by Katie Allen in Recipes, September 29th, 2012
by Toby Amidor, September 29th, 2012
Here in Food Network Kitchens, we love simple, classic recipes. We are also paid to think about food all day. So we’ve taken classic foods and drinks and reimagined them into three, four or five different ways. No standard recipes here, just the occasional technique and pictures. Think of it as a picture recipe.
A baked potato is a Food Network essential for dinner. We got creative by using leftovers in our kitchen refrigerator, and the final products were all relatively healthy, delicious and filling.
First, start with the classic version
by Mallory Viscardi in Community, September 29th, 2012
Fall in love with sweet potatoes again and again with these 10 deliciously healthy recipes.
One medium tuber contains 105 calories and 4 grams of fiber. These babies are bursting with antioxidant vitamins A and C, potassium and ...
by Maria Russo in Shows, September 28th, 2012
Our fans have the best taste in tote bags. Last weekend, we asked readers to send us photos of your favorite bags using #FoodNetworkFaves on Twitter and Instagram, and you did not disappoint.
Here are the editor’s favorite fan-photos:
by Andrea Albin in Food Network Magazine, September 28th, 2012
This weekend marks the end of the race for the two remaining Food Truck teams. Come Sunday night, either Nonna’s Kitchenette or Seoul Sausage will drive away with a win and the keys to start their dream food truck business. But before one of them can claim road trip glory, they must survive what Tyler has called “a multi-city race to the finish” — a high-stress weekend unlike any they’ve experienced before.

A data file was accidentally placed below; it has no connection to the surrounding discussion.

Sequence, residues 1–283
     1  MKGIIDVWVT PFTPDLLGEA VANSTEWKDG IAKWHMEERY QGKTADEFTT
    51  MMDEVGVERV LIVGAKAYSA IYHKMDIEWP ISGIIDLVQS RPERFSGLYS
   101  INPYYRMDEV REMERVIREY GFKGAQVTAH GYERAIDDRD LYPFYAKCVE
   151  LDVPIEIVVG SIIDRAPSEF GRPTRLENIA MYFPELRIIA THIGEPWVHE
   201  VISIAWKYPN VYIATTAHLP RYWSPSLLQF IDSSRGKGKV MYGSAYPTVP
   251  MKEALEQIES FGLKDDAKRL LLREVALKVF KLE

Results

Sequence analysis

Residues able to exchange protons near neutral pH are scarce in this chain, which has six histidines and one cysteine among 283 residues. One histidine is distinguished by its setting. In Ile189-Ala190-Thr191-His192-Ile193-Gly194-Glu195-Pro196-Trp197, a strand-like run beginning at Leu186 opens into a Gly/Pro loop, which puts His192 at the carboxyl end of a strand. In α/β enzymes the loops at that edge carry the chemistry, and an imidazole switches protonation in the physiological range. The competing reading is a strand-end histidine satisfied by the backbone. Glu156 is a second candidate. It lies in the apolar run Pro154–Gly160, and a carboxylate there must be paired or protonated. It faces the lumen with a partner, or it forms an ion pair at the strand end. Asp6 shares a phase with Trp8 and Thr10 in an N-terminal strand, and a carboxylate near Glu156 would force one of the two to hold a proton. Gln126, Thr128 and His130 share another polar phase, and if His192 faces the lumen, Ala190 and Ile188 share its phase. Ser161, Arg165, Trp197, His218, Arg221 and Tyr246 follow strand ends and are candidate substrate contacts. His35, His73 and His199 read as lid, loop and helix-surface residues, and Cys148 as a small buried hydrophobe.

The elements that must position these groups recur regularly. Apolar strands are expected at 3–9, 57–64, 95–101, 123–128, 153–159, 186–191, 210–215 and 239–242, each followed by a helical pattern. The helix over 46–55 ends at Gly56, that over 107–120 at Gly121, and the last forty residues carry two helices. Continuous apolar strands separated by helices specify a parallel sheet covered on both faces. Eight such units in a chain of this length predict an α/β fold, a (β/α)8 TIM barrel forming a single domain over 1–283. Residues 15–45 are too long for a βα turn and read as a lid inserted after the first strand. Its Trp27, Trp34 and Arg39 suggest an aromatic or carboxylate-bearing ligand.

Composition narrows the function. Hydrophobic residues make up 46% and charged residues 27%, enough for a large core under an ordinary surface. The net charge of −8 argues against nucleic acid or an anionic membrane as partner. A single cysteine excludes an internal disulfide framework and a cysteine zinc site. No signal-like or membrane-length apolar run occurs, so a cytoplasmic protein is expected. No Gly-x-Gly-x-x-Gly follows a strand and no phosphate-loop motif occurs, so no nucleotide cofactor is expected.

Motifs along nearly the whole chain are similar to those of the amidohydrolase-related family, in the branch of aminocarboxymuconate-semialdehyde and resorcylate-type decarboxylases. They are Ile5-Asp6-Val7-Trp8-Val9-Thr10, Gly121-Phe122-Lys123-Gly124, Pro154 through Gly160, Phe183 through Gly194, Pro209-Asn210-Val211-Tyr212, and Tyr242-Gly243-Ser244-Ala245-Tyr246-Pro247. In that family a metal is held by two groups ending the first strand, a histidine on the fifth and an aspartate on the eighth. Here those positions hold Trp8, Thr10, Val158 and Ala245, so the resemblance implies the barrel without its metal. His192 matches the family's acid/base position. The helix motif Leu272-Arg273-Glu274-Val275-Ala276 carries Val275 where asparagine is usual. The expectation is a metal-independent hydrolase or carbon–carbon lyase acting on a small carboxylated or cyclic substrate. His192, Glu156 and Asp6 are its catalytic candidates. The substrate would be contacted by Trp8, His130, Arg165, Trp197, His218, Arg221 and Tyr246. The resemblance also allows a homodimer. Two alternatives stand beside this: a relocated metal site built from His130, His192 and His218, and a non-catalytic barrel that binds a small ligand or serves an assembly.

In this sneak-peek shot from Sunday’s episode, both Nonna’s and Seoul seem to be taking the challenges of the finale in stride, laughing off any worries about the future and the looming last elimination. Are the teams finding the finale to be easier than expected, or are they simply slaphappy after seven long weeks on the road?
Before you tune in this Sunday at 9pm/8c to find out which team wins the race, we’re challenging you, Food Truck fans, to write your best captions (tastefully appropriate, please) for this LOL-worthy moment in the comments below.
by Sarah De Heer in Books, Contests, September 28th, 2012
The September issue of Food Network Magazine is chock-full of tomatoes. Stuffed Cherry Tomatoes, Tomato Caesar Salad With Bacon-Parmesan Crisps (pictured above) and Fried Green Tomato Sandwiches are just a few of the must-try tomato recipes in the issue, but I’d like to add one more to your list: my ideal tomato salad.
It’s nothing more than sliced tomatoes and quick-pickled red onion dressed in a little of the pickling liquid and some good olive oil, but it’s incredible any day of the week. The acidity of the onions complements the tomatoes without overpowering them, while the body and slight sweetness of the olive oil round everything out.
Get Andrea’s recipe
by Lauren Miyashiro, September 28th, 2012
You may have seen Hedy’s name appear on FN Dish every month in her baking column sharing with readers and fans the secrets to some of her sweets and how to bake your cake even better. If you’re lucky, you’ve lost yourself in one of her quintessential desserts at Michael’s Genuine Food & Drink. But if you can’t make it to Miami to taste her desserts — which are simply delicious and one-of-a-kind — you can now try your hand at making them with the launch of Hedy’s highly anticipated cookbook, Baking Out Loud.